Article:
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Lake District National Park


The Lake District National Park is situated in the North West of England.

It stretches from Caldbeck in the North to Lindale in the South, and Ravenglass in the West to Shap in the East.

An aerial view of Grasmere from the slopes of Silver Howe
Grasmere

The area, known as "The Lake District", covering approximately 2,290km /880 square miles, was designated a National Park in 1951, Britain's largest National Park.

The area is in the care of the National Park Authority, who not only protect and conserve, but also promote the public's understanding and enjoyment of the park.

View of Skiddaw Mountain and Derwent Water in the English Lake District, Cumbria
Siddaw and Derwent Water

Record Breakers

Within the Lake District National Park are England's highest mountain, Scafell Pike over 977 metres/3,200 feet and its largest lake, Windermere 16.5km/10.5miles long.

The Lake District National Park contains almost every feature of mountain scenery, verdant valleys, well-known major lakes, lesser-known tarns, majestic waterfalls and everywhere, beautiful scenery and breathtaking views.

View of Stockghyll in the Autumn, with stream and fallen leaves
Autumn at Stockghyll

How the Lake District was Formed

The Lake District, one of England's most celebrated regions, has been formed over millions of years, by climatic change: Gigantic volcanic eruptions, submersion by the sea, the ice age and the melting of glaciers, have all contributed to its extraordinary, unique landscape.

Female hiker looking at Ullswater, Lake District National Park, Cumbria
Ullswater

Even now the weather still changes the shape of the Lake District, with frost making the most impact. Cracks in the rocks fill with water, which expands when frozen, shattering the rocks into fragments known as scree, this builds up to form steep scree slopes on the mountains.

Man has also contributed to the changing landscape in The Lake District National Park. The region is one of the North of England's main sources of slate and granite. Much quarrying has been carried out, leaving its marks on the landscape.

A view of Tarn Hows, a small lake surrounded by woodland
Tarn Hows

Some of the lakes provide water to the Northern towns situated within the National Park and although necessary, the building of dams and reservoirs have also made changes. The planting of coniferous woods, is another of man's additions to the changing features of Lakeland.

England's First National Park

Tiny house built on a bridge in Ambleside, Cumbria
Bridge House, Ambleside

In 1969, Brockhole, a beautiful country house on the shore of Lake Windermere, was purchased and became England's first National Park Visitor Centre.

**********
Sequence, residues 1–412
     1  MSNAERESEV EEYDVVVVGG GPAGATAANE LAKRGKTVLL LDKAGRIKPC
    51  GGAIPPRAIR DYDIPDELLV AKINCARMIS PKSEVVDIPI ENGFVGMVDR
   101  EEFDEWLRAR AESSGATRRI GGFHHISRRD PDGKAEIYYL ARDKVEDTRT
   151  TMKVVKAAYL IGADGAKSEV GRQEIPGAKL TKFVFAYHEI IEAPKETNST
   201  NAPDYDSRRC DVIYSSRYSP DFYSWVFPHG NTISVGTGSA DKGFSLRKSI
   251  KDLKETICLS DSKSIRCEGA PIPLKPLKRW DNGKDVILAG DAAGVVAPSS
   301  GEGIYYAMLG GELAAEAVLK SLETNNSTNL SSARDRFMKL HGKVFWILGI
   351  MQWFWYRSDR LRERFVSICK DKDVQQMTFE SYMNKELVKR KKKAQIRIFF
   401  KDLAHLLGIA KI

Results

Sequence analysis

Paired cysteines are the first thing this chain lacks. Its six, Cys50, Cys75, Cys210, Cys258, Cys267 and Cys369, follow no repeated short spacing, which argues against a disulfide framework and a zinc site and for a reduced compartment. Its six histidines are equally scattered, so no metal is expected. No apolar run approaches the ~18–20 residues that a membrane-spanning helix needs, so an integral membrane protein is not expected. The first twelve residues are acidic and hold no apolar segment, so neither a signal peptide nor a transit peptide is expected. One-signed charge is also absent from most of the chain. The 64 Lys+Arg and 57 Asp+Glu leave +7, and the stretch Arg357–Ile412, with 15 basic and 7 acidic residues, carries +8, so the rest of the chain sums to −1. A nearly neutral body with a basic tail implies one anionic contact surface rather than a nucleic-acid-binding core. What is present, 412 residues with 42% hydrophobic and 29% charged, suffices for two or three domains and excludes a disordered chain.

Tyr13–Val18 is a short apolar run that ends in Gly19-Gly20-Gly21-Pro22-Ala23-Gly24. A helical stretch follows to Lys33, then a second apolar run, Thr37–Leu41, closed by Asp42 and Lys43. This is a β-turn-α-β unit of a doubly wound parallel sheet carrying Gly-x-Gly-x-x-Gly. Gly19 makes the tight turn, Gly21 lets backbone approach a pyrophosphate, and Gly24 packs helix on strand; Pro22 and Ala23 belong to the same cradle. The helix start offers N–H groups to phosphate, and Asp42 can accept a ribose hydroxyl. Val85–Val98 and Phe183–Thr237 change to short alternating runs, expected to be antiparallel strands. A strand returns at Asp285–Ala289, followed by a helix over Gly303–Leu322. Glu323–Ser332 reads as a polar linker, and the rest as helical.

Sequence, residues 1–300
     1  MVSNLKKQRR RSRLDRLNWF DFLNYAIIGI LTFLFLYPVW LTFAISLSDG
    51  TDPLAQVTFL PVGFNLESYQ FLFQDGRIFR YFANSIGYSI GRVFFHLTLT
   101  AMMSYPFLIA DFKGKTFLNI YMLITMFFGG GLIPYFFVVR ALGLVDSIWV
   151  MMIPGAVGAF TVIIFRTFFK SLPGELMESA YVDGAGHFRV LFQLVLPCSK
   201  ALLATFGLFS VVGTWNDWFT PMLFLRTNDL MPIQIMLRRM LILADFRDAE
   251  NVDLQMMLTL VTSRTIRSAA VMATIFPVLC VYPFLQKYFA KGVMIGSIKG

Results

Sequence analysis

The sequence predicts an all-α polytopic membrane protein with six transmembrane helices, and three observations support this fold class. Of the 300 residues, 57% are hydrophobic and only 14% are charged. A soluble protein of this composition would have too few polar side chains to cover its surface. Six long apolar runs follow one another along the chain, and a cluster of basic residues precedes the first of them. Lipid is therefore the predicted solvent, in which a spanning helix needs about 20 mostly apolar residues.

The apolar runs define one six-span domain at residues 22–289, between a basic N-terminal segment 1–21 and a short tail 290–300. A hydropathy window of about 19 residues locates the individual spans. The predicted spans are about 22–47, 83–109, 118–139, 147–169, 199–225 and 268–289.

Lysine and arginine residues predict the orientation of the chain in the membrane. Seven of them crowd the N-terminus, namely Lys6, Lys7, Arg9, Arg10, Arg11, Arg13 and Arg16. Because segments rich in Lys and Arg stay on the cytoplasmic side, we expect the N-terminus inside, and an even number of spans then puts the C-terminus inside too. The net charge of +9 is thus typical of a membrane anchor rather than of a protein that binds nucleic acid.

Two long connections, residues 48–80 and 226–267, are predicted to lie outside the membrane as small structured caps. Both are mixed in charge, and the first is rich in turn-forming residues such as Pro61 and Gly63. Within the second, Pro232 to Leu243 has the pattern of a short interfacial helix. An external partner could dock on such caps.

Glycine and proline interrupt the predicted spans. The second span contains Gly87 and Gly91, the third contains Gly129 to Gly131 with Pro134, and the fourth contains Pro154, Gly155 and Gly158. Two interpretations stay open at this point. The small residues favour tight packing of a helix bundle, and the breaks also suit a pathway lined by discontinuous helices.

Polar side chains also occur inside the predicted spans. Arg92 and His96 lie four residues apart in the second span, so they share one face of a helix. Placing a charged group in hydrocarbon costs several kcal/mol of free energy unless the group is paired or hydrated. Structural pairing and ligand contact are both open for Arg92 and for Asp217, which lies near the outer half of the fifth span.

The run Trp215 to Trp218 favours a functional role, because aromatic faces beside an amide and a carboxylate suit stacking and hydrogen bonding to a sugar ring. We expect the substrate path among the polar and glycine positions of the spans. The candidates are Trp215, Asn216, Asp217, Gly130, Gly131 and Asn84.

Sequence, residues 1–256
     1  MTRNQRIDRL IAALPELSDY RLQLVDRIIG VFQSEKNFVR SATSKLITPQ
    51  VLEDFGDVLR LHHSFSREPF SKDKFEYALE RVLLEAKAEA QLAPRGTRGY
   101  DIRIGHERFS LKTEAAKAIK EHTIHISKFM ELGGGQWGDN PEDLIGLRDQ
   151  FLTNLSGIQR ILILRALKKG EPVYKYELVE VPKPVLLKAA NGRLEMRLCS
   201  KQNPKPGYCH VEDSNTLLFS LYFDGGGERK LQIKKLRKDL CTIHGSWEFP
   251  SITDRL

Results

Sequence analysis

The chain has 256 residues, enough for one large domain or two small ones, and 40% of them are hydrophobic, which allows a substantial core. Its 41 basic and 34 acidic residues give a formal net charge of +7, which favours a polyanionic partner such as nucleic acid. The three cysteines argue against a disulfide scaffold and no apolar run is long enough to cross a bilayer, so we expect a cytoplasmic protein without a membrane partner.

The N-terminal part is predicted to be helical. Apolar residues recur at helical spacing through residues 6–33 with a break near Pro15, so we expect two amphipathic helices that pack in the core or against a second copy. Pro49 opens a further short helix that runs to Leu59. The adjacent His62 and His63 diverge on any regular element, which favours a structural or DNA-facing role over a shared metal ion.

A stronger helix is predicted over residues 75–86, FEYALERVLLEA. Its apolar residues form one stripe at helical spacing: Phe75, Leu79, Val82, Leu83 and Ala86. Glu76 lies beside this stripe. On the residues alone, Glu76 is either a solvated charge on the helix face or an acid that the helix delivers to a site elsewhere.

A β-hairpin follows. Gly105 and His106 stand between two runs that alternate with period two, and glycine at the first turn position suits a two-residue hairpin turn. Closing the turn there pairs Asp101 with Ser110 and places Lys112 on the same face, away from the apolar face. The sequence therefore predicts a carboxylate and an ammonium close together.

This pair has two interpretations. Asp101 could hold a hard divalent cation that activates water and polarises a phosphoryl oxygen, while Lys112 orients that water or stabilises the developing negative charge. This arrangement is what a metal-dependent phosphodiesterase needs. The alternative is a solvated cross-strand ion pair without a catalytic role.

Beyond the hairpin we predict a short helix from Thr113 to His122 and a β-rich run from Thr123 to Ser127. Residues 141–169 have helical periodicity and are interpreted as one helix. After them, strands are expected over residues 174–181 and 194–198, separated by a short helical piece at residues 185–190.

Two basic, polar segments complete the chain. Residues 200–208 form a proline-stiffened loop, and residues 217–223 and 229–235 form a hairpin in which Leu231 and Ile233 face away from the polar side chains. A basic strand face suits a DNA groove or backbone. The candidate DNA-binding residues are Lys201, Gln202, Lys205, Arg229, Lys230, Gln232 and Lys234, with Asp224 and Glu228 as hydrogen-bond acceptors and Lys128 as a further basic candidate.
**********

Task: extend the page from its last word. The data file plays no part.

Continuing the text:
No matter what the weather, Brockhole is a great place for a day out for all the family, with exciting and innovative displays, which bring the history, traditions, geology, flora and fauna of the Lake District to life.

Famous Residents

The unique atmosphere and scenery of the Lake District has provided inspiration to a host of artists and writers. Names such as William Wordsworth and his sister Dorothy, who lived much of their lives in the Lake District.

William together with his friends, Samuel Taylor Coleridge and Robert Southey became known as 'The Lake Poets'.

The Victorian writer, artist, reformer and philanthropist John Ruskin, Hugh Walpole author of the Herries chronicle, (set in Cumbria), Arthur Ransome, the author of Swallows and Amazons, and of course Beatrix Potter, author, artist, local farmer and conservationist all lived in the area.

The homes of some of these celebrated persons are open to the public; lovely and fascinating places to visit.

Farmhouse cottage on Yew Tree Farm which was once the home of Beatrix Potter
Farmhouse Cottage, once the home of Beatrix Potter

The Lake District National Park, is the destination of millions of visitors each year. Some come to pursue the challenges of the mountains, or the pleasures of sailing, hiking and horse riding.

Scenic view of Derwent Water lake with Skiddaw mountain in background
Derwent Water and Skiddaw

Some to visit its many and varied attractions, while others come to the events and festivals in the area.

Many visit the picturesque towns and villages, and enjoy quiet lakeshore walks, and all who visit appreciate the grandeur of the scenery unique to Lakeland.

A jetty reflected in the still water of Coniston Water at sunset
Coniston Water

You can find more information on the Lake District National Park Website, or continue reading about other National Parks with the links at the bottom of the page.

People in Teal ship on Lake Windermere, Cumbria,
Lake Windermere

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